• Cardiac toxicity includes hypotension, tachycardia, arrhythmias,toxic myocarditis and cardiogenic shock.
  • 31. PATHOLOGY
    • Liver shows extensive hepatocyte periportal necrosis with balloon degeneration.
    • Acute Toxicity: Zone 1 necrosis +/-
    • microvesicular steatosis.
  • 32.  
  • 33. ZINC PHOSPHIDE
    • Patients presents with same systemic toxicities encountered in yellow phosphorus poisoning jaundice,hepatic failure
    • Tetany due to hypocalcemia
    • Renal tubular damage
    • Arrythmias ,cardiomyopathy
  • 34. MANAGEMENT
    • There is no specific antidote for yellow phosphorus. Treatment is directed at removal of the poison and supportive therapy.
    • N-acetyl cysteine can be tried if patient presents early.150mg/kg bolus,50mg/kg over 4 hours,then 100mg/kg over next 16hours.
  • 35. MANAGEMENT
    • Gastric lavage with potassium permanganate is recommended to convert the phosphorus to relatively harmless oxides.
    • 0.1 to 0.2 % copper sulphate can be used.it will precipitate as copper sulphide and coat over phosphorus particles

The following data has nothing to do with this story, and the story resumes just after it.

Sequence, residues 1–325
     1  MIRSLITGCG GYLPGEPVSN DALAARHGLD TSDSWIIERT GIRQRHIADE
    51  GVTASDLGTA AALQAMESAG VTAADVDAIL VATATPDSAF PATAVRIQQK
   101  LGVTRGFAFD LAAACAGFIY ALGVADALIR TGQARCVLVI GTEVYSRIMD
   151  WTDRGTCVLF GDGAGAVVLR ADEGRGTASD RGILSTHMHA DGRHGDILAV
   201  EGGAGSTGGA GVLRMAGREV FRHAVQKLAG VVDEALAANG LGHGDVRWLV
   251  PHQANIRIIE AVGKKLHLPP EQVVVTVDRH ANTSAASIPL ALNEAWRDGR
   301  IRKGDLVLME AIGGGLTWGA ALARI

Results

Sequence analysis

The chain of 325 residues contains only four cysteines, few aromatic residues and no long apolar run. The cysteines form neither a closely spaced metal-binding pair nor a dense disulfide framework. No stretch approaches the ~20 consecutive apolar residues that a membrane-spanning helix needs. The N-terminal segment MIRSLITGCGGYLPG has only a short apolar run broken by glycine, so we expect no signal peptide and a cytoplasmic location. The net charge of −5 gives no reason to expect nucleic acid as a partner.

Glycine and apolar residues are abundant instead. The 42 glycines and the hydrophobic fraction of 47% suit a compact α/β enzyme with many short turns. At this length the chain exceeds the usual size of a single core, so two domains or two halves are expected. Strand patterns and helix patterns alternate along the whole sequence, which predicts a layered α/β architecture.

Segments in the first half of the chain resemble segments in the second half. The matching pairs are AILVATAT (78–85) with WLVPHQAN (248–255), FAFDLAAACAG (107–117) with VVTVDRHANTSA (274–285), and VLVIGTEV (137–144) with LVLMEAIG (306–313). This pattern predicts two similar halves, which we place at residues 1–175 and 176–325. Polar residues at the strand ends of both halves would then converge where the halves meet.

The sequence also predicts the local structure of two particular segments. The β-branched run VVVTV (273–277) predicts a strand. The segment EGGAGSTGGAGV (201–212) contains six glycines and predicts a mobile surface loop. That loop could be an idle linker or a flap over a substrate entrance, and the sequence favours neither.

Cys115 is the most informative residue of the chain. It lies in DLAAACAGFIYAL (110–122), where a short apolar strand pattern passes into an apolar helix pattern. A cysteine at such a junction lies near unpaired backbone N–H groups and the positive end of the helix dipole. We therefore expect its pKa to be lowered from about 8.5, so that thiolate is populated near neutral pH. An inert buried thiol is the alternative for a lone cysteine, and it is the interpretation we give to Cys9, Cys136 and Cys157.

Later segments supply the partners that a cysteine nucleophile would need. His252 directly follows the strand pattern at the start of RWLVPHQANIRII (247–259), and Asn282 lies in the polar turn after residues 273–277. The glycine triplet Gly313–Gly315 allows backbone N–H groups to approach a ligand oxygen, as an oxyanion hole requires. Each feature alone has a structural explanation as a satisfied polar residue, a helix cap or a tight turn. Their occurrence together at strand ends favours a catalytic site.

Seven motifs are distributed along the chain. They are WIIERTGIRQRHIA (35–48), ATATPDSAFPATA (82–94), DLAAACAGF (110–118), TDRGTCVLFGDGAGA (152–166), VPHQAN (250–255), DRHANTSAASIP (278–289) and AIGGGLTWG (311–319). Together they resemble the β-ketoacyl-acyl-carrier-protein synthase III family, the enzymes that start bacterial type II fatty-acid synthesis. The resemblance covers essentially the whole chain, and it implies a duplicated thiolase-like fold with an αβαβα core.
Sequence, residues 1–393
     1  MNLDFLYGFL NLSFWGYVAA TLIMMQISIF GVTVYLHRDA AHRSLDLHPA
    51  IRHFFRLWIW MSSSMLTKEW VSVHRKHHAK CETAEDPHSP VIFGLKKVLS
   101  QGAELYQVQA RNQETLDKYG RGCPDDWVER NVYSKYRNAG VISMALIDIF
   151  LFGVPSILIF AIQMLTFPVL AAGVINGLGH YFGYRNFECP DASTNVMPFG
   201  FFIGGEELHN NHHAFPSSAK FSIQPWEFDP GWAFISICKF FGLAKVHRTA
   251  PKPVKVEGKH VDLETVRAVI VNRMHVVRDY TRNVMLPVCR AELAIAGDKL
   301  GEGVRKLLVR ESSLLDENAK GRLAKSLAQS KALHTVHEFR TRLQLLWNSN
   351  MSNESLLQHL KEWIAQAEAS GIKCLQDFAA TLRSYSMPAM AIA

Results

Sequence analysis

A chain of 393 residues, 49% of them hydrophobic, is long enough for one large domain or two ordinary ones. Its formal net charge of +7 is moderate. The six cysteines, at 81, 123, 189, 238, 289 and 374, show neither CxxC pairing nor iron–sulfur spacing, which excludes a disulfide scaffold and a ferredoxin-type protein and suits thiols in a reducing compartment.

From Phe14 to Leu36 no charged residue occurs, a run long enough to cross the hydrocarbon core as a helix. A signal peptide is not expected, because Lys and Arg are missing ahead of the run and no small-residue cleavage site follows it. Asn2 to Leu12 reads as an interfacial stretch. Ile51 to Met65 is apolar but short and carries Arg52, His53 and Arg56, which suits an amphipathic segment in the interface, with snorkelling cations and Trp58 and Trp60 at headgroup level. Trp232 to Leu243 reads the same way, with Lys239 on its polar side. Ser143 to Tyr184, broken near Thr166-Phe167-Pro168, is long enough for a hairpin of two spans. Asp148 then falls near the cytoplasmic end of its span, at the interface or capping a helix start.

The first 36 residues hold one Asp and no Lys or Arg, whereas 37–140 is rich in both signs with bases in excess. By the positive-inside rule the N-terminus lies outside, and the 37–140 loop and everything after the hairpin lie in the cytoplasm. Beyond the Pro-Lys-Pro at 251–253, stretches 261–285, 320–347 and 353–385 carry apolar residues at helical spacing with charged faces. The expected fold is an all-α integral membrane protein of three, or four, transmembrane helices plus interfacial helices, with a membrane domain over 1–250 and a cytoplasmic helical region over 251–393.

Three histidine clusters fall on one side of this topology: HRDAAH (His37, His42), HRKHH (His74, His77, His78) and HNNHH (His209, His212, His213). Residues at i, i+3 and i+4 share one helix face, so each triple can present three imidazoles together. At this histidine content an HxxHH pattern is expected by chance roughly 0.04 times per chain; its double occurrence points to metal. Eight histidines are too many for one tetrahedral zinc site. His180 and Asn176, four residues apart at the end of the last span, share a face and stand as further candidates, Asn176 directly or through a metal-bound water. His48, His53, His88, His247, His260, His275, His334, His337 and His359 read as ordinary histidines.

• charcaol can be used
  • 36.
    • vitamin k 10- 20mg iv in repeated dose
    • Intravenous dextrose
    • Fresh frozen plasma to correct coagulopathy.
    • Non fatty purgatives like mgso4 to eliminate phosphorus
    • Avoid fatty foods since they promote phosphorus absorption.
    • IV steroids
    • exchange transfusion(for hemolysis)-but it does not prevent the onset of coma or increase survival.
    • PD/HD if renal failure develops.
  • 37.
    • Careful monitoring of hepatic and renal function and management of their failure is required.
    • Liver transplantation has been done in suitable candidates for acute hepatic failure
  • 38. KINGS COLLEGE CRITERIA FOR LIVER TRANSPLANTATION
    • Acetaminophen-induced disease
    • Arterial pH <7.3 (irrespective of the grade of encephalopathy) or